Couple #1 to my left are starting to raise their voices at each other in frustration, I can’t quite make out what they are saying, but clearly they are not happy. Meanwhile Couple #2 to my right is starting to break down as well, they are frantically looking for something, I assume it’s a phone number so they can call to whoever it was that was supposed to be here to pick them up.

You have to picture this with me, on the one end of the room the new people are pouring in, most of whom bear the same befuddled looks on their faces, wondering just how it is that they are going to cope with this new world that they have just entered, and on the other ends are these two couples who look like they just landed on the moon with no idea of what to do next.

I am enjoying all of this far more than I should be, but I can not help but continue to watch…

As I start to consider if I should help, couple #1 decides that it is best to split up, the husband stands with his hands clasped around their luggage, warily eyeing all who dare walk to close to him, and his wife begins fast-walking around the room with a  paper sign that says “Mike and Kelly”. She is doing her best to ensure that every person in the room gets a good look at her sign, and is getting faster and more agitated with every subtle shake of the head that greets her.

On the right side couple #2 has now opened up every piece of luggage that they brought and the pile around their feet is starting to grow. The wife has decided that she is going to get out of her husbands way and is instead standing a few feet behind him and has her hands clasped tightly around her forehead.  It looks as though she might start crying.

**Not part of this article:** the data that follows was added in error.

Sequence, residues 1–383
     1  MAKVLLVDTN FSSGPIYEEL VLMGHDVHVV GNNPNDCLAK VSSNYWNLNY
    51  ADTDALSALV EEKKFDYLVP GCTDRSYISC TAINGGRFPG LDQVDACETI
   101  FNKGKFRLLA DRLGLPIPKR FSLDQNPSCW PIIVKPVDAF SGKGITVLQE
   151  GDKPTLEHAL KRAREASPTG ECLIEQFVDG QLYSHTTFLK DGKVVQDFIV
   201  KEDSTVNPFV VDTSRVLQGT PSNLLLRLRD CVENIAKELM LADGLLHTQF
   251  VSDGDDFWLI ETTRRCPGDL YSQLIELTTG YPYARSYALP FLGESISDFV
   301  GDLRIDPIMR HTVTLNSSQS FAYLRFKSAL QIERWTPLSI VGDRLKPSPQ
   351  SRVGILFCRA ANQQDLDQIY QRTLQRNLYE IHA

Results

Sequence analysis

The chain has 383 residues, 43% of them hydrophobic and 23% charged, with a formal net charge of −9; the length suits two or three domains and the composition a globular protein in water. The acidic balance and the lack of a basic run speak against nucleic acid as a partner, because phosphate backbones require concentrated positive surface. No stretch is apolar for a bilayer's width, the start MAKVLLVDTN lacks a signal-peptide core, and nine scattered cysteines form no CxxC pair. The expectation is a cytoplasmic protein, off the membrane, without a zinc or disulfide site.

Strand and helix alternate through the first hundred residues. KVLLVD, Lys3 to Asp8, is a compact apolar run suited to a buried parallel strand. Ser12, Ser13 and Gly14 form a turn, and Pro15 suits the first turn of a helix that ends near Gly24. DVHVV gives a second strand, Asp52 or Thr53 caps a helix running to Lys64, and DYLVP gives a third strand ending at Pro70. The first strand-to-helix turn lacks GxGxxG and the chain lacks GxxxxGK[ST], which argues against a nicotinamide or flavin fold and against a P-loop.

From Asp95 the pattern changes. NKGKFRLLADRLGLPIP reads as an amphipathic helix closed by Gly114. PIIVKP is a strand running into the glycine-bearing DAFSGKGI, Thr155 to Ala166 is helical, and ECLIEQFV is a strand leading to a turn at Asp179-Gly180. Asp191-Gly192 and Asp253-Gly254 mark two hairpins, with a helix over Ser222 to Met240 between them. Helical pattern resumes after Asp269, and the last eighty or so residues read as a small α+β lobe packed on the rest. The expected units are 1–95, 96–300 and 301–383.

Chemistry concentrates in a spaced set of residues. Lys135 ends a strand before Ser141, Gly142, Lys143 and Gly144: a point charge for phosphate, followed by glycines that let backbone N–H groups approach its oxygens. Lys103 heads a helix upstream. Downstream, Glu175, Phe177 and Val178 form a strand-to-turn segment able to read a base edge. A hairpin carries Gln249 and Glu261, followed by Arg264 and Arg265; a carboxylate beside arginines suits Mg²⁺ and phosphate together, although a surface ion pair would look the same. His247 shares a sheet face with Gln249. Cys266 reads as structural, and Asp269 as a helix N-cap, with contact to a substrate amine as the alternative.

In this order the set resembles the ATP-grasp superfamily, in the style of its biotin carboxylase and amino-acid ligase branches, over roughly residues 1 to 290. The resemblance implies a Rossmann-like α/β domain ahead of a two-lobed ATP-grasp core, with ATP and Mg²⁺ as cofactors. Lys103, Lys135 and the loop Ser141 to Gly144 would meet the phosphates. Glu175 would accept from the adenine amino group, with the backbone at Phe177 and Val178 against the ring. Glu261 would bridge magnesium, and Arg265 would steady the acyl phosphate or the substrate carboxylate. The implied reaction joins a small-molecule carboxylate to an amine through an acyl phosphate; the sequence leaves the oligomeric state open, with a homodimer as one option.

I finally can not take it any longer and approach couple #2 to see if there is some way I can help, at the very least I have a phone that works here that I will let them use.

“Hello” I say as I near them, trying to make my voice sound as reassuring as I can.

“Do you guys need any help?”

“No thank you” The man says, as his hand jets out my direction, gesturing for me to stay away from the now mountainous pile of belongings that he is desperately searching through.

“Ok” I say, fully understanding his feeling of vulnerability and I decide that I might have better luck with couple #1. I turn to make my way to the other side of the room where they are and just as I get to where they are I can see the woman returning to her husband with an Ethiopian man in tow.  She proudly smiles as she says something to her husband in German.

I turn and head back before saying anything, and decide that I should stay put and continue waiting for my guests to arrive, and if I am lucky I might just catch a few more minutes of the “Just Arrived Show”.

I only hope that someone else took this much pleasure in “people watching” my family as we deplaned into this strange land for the first time at 2:30 in the morning more than two years ago.  I am sure we made for a gut buster of an episode.

Levi